Damn Yankees photo courtesy of Robert Kinsler
NAMM was back at the Anaheim Convention Center late last week, drawing thousands of music industry professionals from around the world to see and hear the latest instruments and accessories, watch live performances and meet/get autographs from various artists.
The International Music Products Association is the trade association which sponsored the four day event (plus invite only preview day), commonly referred to by its original moniker, National Association of Music Merchandisers (NAMM). There were more than 85,000 registrants and nearly 1,400 exhibitors.
On Friday, I managed to catch highly touted new Scandinavian rock band BigBang on the outdoor stage. Their second Stateside album "Edendale," influenced by late '60s acts such as Cream, comes out next week. Of the few tunes witnessed at NAMM, "Wild Bird" and the sweet harmonies of "Call Me" definitely stood out.
Taylor Guitars always has top-notch talent in one of several medium sized (oxygen-deprived) conference rooms upstairs. This year's crop included Night Ranger, whose hard rock anthems like "You Can Still Rock in America" and the power ballad "Sister Christian" came off well in an acoustic setting. Leader Jack Blades also reunited with his Damn Yankees bandmates (Tommy Shaw, Ted Nugent, Michael Cartellone, pictured above) for the first time in more than a decade. The fun, mini-stripped down set featured "Coming of Age," "High Enough" and The Nuge's solo hit "Cat Scratch Fever."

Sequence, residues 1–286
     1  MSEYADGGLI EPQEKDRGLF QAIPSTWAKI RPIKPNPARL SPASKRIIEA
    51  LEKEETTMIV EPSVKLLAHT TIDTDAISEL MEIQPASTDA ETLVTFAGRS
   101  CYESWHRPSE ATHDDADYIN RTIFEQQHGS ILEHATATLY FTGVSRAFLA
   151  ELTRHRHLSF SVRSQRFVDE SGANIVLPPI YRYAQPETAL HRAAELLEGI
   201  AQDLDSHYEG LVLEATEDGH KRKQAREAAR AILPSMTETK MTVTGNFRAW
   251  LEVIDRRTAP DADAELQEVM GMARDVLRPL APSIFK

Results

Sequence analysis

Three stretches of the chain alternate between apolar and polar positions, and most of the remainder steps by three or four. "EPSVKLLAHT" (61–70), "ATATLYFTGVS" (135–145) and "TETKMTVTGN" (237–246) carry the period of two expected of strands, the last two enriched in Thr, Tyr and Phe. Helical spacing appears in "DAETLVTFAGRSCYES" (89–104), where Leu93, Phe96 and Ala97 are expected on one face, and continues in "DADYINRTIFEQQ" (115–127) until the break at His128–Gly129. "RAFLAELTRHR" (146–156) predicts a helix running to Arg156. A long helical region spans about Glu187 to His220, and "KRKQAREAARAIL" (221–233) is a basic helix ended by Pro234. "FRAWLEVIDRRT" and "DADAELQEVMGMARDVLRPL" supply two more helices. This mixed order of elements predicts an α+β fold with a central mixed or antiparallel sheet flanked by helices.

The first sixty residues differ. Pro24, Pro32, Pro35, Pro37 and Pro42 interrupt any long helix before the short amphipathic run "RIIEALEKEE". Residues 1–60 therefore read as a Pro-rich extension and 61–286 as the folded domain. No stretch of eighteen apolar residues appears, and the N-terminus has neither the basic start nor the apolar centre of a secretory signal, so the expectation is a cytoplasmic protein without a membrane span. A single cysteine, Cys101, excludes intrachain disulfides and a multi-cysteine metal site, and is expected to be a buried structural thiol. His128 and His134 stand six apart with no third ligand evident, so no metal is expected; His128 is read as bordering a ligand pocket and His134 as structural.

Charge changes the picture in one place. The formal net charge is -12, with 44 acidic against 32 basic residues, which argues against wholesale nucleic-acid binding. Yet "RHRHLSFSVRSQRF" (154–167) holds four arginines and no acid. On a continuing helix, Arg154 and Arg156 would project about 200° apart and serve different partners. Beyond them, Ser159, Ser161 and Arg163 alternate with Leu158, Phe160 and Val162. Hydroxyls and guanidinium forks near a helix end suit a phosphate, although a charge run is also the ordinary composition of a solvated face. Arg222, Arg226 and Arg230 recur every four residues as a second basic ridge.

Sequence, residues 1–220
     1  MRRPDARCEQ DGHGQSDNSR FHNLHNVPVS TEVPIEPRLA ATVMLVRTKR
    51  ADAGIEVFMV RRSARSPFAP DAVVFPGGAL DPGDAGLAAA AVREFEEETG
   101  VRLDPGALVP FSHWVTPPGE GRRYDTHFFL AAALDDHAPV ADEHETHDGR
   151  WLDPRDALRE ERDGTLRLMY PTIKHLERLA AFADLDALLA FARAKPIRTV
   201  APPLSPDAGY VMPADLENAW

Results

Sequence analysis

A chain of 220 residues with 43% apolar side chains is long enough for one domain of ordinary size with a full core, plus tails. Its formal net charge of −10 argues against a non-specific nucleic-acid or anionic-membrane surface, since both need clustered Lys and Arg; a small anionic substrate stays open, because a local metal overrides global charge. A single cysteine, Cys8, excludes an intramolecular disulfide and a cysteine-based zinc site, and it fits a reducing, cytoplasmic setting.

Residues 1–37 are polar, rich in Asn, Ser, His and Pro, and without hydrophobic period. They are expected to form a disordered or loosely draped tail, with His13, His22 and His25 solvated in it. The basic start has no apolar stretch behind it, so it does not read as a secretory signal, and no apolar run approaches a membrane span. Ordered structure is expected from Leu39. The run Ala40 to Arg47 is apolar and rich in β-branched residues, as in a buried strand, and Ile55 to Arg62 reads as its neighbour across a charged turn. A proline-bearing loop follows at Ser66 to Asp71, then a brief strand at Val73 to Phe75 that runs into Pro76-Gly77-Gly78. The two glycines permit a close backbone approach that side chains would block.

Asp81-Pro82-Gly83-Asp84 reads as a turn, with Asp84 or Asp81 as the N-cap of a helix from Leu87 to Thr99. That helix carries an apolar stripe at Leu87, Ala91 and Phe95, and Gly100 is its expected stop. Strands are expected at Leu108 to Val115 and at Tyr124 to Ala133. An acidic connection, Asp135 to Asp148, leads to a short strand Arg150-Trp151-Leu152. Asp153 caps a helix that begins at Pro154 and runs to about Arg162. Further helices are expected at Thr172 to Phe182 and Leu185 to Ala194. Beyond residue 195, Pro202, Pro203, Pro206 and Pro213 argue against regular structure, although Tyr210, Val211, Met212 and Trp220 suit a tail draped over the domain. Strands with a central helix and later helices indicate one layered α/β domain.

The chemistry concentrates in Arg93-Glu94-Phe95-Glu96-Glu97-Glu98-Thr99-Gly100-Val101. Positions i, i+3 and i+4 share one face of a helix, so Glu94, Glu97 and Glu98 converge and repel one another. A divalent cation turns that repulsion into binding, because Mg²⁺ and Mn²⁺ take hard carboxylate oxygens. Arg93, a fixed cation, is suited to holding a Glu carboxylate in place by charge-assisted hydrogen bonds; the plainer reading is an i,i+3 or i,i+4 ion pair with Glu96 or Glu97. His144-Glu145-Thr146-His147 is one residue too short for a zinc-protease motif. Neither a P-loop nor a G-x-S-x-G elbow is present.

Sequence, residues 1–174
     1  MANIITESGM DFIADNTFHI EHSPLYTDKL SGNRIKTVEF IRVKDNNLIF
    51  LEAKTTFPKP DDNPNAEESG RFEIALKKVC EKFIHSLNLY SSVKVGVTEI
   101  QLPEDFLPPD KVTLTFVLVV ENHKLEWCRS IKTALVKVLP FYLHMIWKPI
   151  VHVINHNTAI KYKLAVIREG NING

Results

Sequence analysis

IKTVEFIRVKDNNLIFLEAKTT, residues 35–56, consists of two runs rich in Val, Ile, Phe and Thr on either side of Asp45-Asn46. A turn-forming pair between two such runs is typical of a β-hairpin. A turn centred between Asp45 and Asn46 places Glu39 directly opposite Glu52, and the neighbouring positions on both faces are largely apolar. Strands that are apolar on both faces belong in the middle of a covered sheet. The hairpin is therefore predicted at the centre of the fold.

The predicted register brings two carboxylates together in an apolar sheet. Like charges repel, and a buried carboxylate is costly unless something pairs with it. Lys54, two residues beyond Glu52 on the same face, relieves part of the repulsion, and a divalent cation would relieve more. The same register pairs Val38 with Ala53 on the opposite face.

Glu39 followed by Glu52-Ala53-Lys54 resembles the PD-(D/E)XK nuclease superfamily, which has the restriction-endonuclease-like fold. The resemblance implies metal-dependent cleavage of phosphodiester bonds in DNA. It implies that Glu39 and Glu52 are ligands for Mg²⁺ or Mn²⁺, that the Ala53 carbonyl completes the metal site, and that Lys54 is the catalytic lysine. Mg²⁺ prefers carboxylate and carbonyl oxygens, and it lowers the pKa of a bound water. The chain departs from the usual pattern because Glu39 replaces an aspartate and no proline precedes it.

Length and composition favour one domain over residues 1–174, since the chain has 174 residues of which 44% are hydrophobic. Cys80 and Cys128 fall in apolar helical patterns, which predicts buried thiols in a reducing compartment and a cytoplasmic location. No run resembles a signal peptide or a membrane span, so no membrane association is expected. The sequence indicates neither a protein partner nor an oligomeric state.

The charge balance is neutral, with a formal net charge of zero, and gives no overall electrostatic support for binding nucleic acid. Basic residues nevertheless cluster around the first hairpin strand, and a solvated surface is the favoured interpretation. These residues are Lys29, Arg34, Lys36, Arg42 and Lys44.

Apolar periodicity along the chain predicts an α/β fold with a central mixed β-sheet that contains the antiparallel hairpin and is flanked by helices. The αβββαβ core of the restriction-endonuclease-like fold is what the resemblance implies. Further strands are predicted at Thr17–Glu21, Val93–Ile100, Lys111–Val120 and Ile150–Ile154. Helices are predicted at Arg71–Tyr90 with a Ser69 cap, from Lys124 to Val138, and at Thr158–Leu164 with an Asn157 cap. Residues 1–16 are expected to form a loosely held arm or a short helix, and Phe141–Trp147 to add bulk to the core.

A colleague and I wanted to stay for Jason Mraz, but it was too hot in the packed room. So we hightailed it over to Disney's California Adventure. That's where Yamaha put on its semi-annual, star-studded private dealers show at the Hyperion Theater.
This year's Yamaha concert was emceed by Damon Wayans (who did a mediocre job) and had a roster featuring punk/pop newcomers Pull Start Rockets, Jon McLaughlin, John Ondrasik of Five for Fighting, Mraz, Vince Gill, Natalie Cole and headliner Michael McDonald. They did between 2-5 songs each.
Mraz was great as usual, especially on an extended freestyle version of "The Remedy (I Won't Worry)" aided by the 30-piece orchestra and 10-piece house band. He left me wanting more than three songs. Now I really regret missing his show at the Hollywood Bowl a few months ago. McLaughlin admitted his nervousness, but still proved enthralling on keyboard-led selections like "So Close" and "Beautiful Disaster."
Ondrasik - quite animated on the piano - excelled on "Superman" and while I'm not a fan of Gill, you couldn't help but be moved by his "When You Come Around."